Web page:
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Mapping Prices into Productivity in Multisector Growth Models

  • L. Rachel Ngai
  • Roberto M. Samaniego

Two issues related to mapping a multi-sector model into a reduced-form value-added model are often neglected: the composition of intermediate goods, and the distinction between value added productivity and gross output productivity. We demonstrate their quantitative significance for the case of the well known model of Greenwood, Hercowitz and Krusell (1997), who find that about 60% of economic growth can be attributed to investment-specific technical change (ISTC). When we recalibrate their model to allow for even a small equipment share of intermediates, we find that ISTC accounts for almost the entirety of postwar US growth.

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Paper provided by Centre for Economic Performance, LSE in its series CEP Discussion Papers with number dp0869.

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Date of creation: May 2008
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Handle: RePEc:cep:cepdps:dp0869
Contact details of provider: Web page: http://cep.lse.ac.uk/_new/publications/series.asp?prog=CEP

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  1. Kongsamut, Piyabha & Rebelo, Sergio & Xie, Danyang, 2001. "Beyond Balanced Growth," Review of Economic Studies, Wiley Blackwell, vol. 68(4), pages 869-82, October.
  2. Jonas D. M. Fisher, 2006. "The Dynamic Effects of Neutral and Investment-Specific Technology Shocks," Journal of Political Economy, University of Chicago Press, vol. 114(3), pages 413-451, June.
  3. Norihiko Yamano & Nadim Ahmad, 2006. "The OECD Input-Output Database: 2006 Edition," OECD Science, Technology and Industry Working Papers 2006/8, OECD Publishing.
  4. Whelan, Karl, 2003. " A Two-Sector Approach to Modeling U.S. NIPA Data," Journal of Money, Credit and Banking, Blackwell Publishing, vol. 35(4), pages 627-56, August.
  5. L. Rachel Ngai & Roberto M. Samaniego, 2008. "Mapping prices into productivity in multisector growth models," LSE Research Online Documents on Economics 19579, London School of Economics and Political Science, LSE Library.
  6. Jason G. Cummins & Giovanni L. Violante, 2002. "Investment-Specific Technical Change in the US (1947-2000): Measurement and Macroeconomic Consequences," Review of Economic Dynamics, Elsevier for the Society for Economic Dynamics, vol. 5(2), pages 243-284, April.
  7. Huang, Kevin X. D. & Liu, Zheng, 2001. "Production chains and general equilibrium aggregate dynamics," Journal of Monetary Economics, Elsevier, vol. 48(2), pages 437-462, October.
  8. Greenwood, J. & Hercowitz, Z. & Krusell, P., 1995. "Long-Run Implications of Investment-Specific Technological Change," UWO Department of Economics Working Papers 9510, University of Western Ontario, Department of Economics.
  9. Rachel Ngai & Christopher Pissarides, 2006. "Trends in Hours and Economic Growth," 2006 Meeting Papers 56, Society for Economic Dynamics.
  10. Draca, Mirko & Machin, Stephen & Witt, Robert, 2008. "Panic on the Streets of London: Police, Crime and the July 2005 Terror Attacks," IZA Discussion Papers 3410, Institute for the Study of Labor (IZA).
  11. Hui He & Zheng Liu, 2008. "Investment-Specific Technological Change, Skill Accumulation, and Wage Inequality," Review of Economic Dynamics, Elsevier for the Society for Economic Dynamics, vol. 11(2), pages 314-334, April.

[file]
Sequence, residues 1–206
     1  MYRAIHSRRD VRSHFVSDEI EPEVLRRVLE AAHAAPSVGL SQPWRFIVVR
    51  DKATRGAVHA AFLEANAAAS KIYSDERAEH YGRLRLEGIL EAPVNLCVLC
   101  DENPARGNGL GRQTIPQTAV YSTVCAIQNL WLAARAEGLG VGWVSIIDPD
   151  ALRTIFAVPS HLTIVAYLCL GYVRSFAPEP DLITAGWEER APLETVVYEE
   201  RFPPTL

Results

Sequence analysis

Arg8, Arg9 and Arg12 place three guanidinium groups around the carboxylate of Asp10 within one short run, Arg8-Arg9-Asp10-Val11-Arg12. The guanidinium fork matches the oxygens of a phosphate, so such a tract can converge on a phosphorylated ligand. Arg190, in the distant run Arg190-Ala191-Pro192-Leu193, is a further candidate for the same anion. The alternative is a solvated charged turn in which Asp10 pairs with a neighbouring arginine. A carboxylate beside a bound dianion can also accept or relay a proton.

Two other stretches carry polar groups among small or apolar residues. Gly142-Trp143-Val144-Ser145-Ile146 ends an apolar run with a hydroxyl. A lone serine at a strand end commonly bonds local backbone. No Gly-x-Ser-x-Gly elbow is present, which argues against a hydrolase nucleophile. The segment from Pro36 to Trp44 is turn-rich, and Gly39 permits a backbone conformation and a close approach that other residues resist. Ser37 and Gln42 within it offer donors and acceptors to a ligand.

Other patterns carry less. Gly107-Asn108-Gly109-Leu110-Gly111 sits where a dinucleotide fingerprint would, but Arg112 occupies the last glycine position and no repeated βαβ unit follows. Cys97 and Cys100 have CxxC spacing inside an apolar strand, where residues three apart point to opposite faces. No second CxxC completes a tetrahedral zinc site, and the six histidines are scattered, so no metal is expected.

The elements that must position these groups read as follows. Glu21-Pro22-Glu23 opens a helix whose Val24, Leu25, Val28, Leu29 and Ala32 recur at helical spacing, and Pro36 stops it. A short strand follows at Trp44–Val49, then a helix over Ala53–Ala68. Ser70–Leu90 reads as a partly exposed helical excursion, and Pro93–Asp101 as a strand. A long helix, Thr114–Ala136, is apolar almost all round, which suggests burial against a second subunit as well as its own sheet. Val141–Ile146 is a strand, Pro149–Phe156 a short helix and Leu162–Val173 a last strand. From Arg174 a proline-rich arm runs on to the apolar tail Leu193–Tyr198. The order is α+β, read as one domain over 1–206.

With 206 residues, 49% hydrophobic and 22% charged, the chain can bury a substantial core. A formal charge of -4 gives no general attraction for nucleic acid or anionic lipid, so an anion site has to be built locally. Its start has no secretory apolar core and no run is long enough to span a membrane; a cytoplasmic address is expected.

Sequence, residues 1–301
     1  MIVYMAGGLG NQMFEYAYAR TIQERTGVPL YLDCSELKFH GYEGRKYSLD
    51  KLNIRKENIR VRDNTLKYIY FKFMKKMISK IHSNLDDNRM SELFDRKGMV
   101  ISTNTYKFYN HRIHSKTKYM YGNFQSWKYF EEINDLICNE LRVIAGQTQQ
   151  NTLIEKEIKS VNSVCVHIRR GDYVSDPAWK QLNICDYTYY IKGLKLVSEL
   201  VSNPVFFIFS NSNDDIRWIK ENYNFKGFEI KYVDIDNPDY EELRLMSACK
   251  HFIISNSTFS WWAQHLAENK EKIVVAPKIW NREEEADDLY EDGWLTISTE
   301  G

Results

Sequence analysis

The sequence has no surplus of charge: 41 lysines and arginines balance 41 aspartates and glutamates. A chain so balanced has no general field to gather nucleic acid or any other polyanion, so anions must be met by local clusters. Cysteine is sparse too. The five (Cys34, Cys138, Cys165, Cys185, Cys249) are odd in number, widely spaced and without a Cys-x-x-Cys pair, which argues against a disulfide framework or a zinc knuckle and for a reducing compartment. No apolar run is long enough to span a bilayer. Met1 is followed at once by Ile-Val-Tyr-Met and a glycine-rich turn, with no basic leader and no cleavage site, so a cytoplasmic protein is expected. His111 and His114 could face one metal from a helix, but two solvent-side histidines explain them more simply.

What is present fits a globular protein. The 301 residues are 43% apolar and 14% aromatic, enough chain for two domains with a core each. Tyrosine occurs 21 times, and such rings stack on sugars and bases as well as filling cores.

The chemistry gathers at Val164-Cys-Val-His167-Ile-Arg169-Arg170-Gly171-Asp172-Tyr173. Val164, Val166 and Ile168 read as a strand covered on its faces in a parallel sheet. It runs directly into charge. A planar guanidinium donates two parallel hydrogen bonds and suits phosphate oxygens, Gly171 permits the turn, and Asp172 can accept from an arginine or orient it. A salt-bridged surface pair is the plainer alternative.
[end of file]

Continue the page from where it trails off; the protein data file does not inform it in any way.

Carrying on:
12. Chris Pissarides, 2008. "Employment Outcomes in the Welfare State," 2008 Meeting Papers 1096, Society for Economic Dynamics.
  13. Ngai, Liwa Rachel & Pissarides, Christopher, 2004. "Structural Change in a Multi-Sector Model of Growth," CEPR Discussion Papers 4763, C.E.P.R. Discussion Papers.
  14. Charles R. Hulten, 1992. "Growth Accounting When Technical Change is Embodied in Capital," NBER Working Papers 3971, National Bureau of Economic Research, Inc.
  15. Kevin D. Sheedy, 2007. "Inflation persistence when price stickiness differs between industries," LSE Research Online Documents on Economics 3738, London School of Economics and Political Science, LSE Library.
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  17. Hulten, Charles R, 1992. "Growth Accounting When Technical Change Is Embodied in Capital," American Economic Review, American Economic Association, vol. 82(4), pages 964-80, September.
  18. Michael Gort & Jeremy Greenwood & Peter Rupert, 1999. "Measuring the Rate of Technological Progress in Structures," Review of Economic Dynamics, Elsevier for the Society for Economic Dynamics, vol. 2(1), pages 207-230, January.
  19. Andreas Hornstein & Per Krusell, 1996. "Can Technology Improvements Cause Productivity Slowdowns?," NBER Chapters, in: NBER Macroeconomics Annual 1996, Volume 11, pages 209-276 National Bureau of Economic Research, Inc.
  20. Hulten, Charles R, 1978. "Growth Accounting with Intermediate Inputs," Review of Economic Studies, Wiley Blackwell, vol. 45(3), pages 511-18, October.
  21. Michael Horvath, 1998. "Cyclicality and Sectoral Linkages: Aggregate Fluctuations from Independent Sectoral Shocks," Review of Economic Dynamics, Elsevier for the Society for Economic Dynamics, vol. 1(4), pages 781-808, October.
  22. Gordon, Robert J., 1990. "The Measurement of Durable Goods Prices," National Bureau of Economic Research Books, University of Chicago Press, edition 1, number 9780226304557.
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  24. Horvath, Michael, 2000. "Sectoral shocks and aggregate fluctuations," Journal of Monetary Economics, Elsevier, vol. 45(1), pages 69-106, February.
  25. Dale Jorgenson & Mun Ho & Jon Samuels & Kevin Stiroh, 2007. "Industry Origins of the American Productivity Resurgence," Economic Systems Research, Taylor & Francis Journals, vol. 19(3), pages 229-252.
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